A blueprint for the future of Brighton and Hove over the next 10 years has been published by Brighton and Hove City Council.
And councillors will be asked to approve the document – known as City Plan Part Two – at a virtual meeting of the full council in a fortnight’s time. Click here to see it.
The 224-page draft plan sets out where new homes and workplaces can be built as well as council policies on student flats, shared houses and homes for older people.
It contains dozens of “management policies” to help councillors and officials when they decide planning applications.
The policy areas include employment space, design and heritage, transport, the environment and energy.
When the council carried out a 10-week consultation nearly two years ago, 349 people responded and 518 signed a petition.
The document identified more than 50 sites for new homes and three sites for purpose-built student flats but said that two or three-bedroom family homes were the most needed type of housing.
City Plan Part Two identified 39 sites for housing in built-up areas and 16 on the “urban fringe” – the green outskirts of Brighton and Hove.
The urban fringe sites present councillors with some of the most controversial choices.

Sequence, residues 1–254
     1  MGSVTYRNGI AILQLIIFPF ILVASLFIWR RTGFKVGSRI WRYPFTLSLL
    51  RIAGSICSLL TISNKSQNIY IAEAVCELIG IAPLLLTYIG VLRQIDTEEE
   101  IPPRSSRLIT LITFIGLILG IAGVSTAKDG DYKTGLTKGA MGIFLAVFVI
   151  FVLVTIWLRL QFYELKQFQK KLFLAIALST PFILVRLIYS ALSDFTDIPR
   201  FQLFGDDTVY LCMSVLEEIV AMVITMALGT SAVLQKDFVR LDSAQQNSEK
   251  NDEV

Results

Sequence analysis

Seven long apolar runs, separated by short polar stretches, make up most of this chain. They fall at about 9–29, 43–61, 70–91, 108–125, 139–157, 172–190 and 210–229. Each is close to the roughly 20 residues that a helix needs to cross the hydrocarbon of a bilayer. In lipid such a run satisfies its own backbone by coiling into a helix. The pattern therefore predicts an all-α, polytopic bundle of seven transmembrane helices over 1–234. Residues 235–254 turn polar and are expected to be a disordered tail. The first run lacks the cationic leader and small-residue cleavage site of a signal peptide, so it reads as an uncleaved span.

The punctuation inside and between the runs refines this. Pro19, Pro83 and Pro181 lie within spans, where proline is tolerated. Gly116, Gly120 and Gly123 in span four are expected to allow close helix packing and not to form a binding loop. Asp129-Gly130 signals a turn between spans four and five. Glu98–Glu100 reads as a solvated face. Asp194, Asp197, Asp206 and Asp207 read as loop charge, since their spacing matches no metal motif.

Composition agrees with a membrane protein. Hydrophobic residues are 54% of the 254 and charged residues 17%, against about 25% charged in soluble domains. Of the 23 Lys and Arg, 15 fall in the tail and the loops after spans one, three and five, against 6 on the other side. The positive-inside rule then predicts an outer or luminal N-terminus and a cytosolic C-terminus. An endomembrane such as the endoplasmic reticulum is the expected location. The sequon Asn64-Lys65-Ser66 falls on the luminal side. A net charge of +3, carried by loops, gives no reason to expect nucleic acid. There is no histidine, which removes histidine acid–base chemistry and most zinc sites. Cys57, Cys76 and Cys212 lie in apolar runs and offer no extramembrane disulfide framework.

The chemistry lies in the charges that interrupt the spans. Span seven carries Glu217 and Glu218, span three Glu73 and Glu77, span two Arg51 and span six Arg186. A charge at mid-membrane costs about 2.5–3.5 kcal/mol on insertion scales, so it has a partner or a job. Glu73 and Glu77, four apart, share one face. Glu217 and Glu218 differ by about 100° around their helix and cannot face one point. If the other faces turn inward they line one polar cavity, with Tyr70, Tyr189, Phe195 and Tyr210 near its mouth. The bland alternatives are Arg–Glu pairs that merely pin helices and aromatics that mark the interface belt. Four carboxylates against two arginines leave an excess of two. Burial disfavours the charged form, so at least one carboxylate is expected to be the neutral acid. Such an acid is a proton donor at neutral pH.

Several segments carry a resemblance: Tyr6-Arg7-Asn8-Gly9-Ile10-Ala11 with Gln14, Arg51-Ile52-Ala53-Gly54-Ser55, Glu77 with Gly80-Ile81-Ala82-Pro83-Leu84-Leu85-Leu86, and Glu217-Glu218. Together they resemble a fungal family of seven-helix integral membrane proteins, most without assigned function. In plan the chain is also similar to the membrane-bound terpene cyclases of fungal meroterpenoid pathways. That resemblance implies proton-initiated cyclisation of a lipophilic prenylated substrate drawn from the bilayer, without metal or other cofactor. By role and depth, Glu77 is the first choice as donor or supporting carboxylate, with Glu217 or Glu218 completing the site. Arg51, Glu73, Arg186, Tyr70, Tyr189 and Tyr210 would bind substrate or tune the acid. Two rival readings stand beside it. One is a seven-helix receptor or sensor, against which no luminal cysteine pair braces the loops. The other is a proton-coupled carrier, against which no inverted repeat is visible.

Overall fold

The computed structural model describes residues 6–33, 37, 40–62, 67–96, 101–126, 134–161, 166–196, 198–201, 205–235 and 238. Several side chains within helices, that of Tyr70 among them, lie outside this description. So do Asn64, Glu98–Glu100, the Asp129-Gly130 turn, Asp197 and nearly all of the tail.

They include the “joint venture” sites where the council plans to build hundreds of new homes in partnership with Hyde housing association. The joint venture’s proposals in Coldean and Whitehawk attracted opposition and drew protests.
Last November, Richard Bickers, who chairs the Friends of Whitehawk Hill, called on the council to remove the nature reserve there from its list of potential housing sites.
At the time he said: “It would cut the heart out of the hill’s gorse scrub, a historic landscape feature and habitat which occurs on this part of Whitehawk Hill and not elsewhere, reflecting local differences in soils and forming part of the diversity of the reserve.
“This was barely recognised in the urban fringe assessment. This is used as a breeding habitat by a special group of birds, including Dartford warbler and stonechat, which have bred there in recent years, as well as linnet.”
Land next to the Race Hill on part of the Whitehawk Hill Nature Reserve is still listed for housing but now just 30 homes rather than the initial 200 flats proposed there.
The most responses received during the consultation were objections to two sites in Patcham.
Residents petitioned the council not to allocate land next to Horsdean Recreaction Ground for housing, with people citing the loss of open space, extra traffic and parking pressure.
But the two Patcham sites and land between Ladies Mile Road and Carden Avenue are deemed suitable for 60 homes.
The document proposes a special policy for Benfield Valley which would maintain its open spaces, wildlife and heritage while allowing some building.
The council does not consider the area suitable for largescale development because this would result in the loss of too much open space and change the area’s character.
But landowners and developers want more housing allocated.
The council has allocated two small areas off Hangleton Way for up to 100 homes.
Seven strategic sites are identified in City Plan Part Two including Brighton General Hospital, the Sackville Trading Estate and Coal Yard – and Lyon Close, in Hove.